/Plain Glorious
  • Kidnapped

    Robert Louis Stevenson

    A life without RLS cannot be said to be properly lived. This great stylist’s range even includes Ruritanian extravagances but here we have the gloriously told adventure of a young Lowlander, set in the aftermath of the last great Jacobite rebellion of 1745. It also contains one of the world’s wickedest uncles in a very gothic passage, complete with a ruined stone staircase lit only by lightning flashes, and blue-coated firecracker Alan Breck, whose entrance into the tale must be one of the most spectacular in literature.

    Paperback £7.99
  • Born to Be Posthumous: The Eccentric Life and Mysterious Genius of Edward Gorey

    Mark Dery

    Author, illustrator, librettist, puppet-maker, master of pseudonyms, owner of 20,000 books and 6 cats: there is so much to say about the Awdrey-Gore legacy that all we shall announce is that this is a very fine biography. And that Ogdred Weary had a suspiciously normal and fantod-free childhood.

    Hardback £18.99
  • Hermes: Pop-Up

    Stephane Foenkinos & Bernard Duisit, introduction by Pierre-Alexis Dumas

    Who could imagine such an eccentric and delightful thing as this? A book of creative wit, taste and imagination, in which mad words accompany the pop-up flights of fancy that are Hermes scarves, with Pegasus as our steed, cockatoos for company and a rooftop party as our destination. Beautiful colour printing on very good paper, this is a treat for hand and eye.

    Hardback £22.50
  • Living Iron

    Pauline van Lynden, Vanessa Everts

    The fascinating history of iron and its impact on our lives, from the earliest days of our planet to the 21st century, is presented in this meticulously researched and smartly produced book. The authors delve into the exceptional combination of qualities the metal possesses and explains why, through millennia of rust, recycling and reinvention, this tough stuff continues to reveal enormous potential for our world and our future.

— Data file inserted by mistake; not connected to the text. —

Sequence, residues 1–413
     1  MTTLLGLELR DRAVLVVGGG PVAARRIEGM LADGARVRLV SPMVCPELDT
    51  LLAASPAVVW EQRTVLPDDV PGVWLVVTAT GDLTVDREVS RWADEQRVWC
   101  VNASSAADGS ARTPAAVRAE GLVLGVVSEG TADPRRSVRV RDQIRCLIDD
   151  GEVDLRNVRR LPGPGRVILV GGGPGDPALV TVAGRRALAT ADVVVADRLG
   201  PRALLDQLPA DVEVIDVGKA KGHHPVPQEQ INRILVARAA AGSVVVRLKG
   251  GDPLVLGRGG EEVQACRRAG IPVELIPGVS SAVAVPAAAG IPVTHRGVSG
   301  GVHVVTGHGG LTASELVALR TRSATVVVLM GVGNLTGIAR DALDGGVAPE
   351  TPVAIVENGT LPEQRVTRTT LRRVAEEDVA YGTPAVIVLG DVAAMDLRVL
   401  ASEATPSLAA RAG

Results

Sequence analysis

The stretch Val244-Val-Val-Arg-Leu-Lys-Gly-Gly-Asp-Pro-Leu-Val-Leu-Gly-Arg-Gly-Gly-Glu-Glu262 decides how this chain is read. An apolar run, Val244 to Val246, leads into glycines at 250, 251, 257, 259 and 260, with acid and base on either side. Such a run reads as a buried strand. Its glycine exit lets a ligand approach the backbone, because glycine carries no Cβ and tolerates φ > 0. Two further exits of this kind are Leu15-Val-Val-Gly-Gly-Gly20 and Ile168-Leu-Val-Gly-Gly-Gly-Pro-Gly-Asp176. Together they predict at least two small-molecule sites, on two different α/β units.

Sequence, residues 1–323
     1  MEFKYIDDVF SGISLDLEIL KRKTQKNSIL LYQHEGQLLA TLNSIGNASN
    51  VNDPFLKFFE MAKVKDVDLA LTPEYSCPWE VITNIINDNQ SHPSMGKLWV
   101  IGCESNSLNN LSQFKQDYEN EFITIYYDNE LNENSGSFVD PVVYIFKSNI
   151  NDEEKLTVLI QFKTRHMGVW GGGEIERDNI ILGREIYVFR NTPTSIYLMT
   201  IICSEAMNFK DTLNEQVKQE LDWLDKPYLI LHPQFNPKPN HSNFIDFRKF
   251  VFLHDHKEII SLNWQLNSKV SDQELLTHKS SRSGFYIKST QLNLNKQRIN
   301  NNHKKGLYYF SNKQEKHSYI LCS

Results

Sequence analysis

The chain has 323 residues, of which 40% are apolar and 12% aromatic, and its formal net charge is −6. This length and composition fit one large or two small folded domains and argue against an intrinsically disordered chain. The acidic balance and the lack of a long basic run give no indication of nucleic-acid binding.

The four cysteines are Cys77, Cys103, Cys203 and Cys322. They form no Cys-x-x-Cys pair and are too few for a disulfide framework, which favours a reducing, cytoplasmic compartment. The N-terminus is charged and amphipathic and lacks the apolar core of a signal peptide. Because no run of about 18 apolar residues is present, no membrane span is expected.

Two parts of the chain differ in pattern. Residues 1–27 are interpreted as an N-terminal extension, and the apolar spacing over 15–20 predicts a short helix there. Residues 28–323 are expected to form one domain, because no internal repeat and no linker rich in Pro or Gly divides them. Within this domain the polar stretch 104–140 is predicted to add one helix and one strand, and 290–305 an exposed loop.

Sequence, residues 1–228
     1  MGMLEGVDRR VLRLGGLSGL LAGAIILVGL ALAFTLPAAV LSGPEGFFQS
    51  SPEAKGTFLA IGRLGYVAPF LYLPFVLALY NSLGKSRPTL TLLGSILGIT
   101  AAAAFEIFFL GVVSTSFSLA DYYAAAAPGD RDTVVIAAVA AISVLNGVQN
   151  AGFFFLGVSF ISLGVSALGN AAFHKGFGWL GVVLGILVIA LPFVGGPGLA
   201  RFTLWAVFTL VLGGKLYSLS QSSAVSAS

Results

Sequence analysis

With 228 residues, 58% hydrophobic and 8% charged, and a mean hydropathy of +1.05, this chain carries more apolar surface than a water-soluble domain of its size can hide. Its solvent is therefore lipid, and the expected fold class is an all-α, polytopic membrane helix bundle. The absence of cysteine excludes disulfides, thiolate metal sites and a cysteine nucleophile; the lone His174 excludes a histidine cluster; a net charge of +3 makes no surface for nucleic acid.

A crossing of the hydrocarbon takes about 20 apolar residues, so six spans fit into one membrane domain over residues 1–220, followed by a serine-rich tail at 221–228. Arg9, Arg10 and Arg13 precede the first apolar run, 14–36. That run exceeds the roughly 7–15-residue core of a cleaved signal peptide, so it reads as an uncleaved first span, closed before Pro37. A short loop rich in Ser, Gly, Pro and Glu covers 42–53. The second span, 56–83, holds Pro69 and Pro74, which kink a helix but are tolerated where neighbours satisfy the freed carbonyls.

Paperback £36.00
  • Album du Comte du Nord: Le Nôtre à Chantilly

    Jean-Pierre Babelon

    A facsimile of the ravishing album of Le Nôtre’s plans and elevations of the gardens at Chantilly, with its Chinoiserie kiosk, pavilions, stables, canals, walks etc. It was given to the ‘Comte du Nord’ and his wife, a transparent pseudonym for the future Tsar Paul I and his wife, Maria Feodorovna, travelling incognito. They visited Chantilly in June 1782, when they were given the album. The original was bought back by the French in the 1930s when the Soviets sold the contents of the imperial library. Text in French.

    Hardback £50.00
  • Consider The Oyster

    M F K Fisher

    “An oyster leads a dreadful but exciting life”… If MFK’s books are all gems, then this is a pearl. First published in 1941.

    Paperback £9.99
  • Georgian and Victorian Board Games: The Liman Collection

    Ellen Liman

    “Pay 2 for indiscretion…”  a forfeit in ‘The Cottage of Lost Content or Right Roads & Wrong Ways’. Includes games of exploration, natural wonders, the latest scientific discoveries, the Great Exhibition, the Royal Regatta, and many others. The artwork of these hand-coloured cloth-backed games, that fold out like maps, is captivating.  A gorgeously illustrated and unusual book that shines a particular light on social attitudes and customs of the times. From today’s end of the telescope, much is funny, certainly fascinating.

    Hardback £55.00
  • Eric Ravilious Scrapbooks

    Peyton Skipwith

    A scrumptious peach making a pair with the ‘Edward Bawden Scrapbooks’ two years ago.

    Hardback £40.00
  • Zahhak Legend Of The Serpent King

    Hamid Rahmanian

    There is nothing new under the sun but there are moments of genius that catch the light. This insanely elaborate pop-up retelling of Persia’s great epic, Ferdowsi’s ‘Shahnameh‘, is such a one.

    Hardback £34.99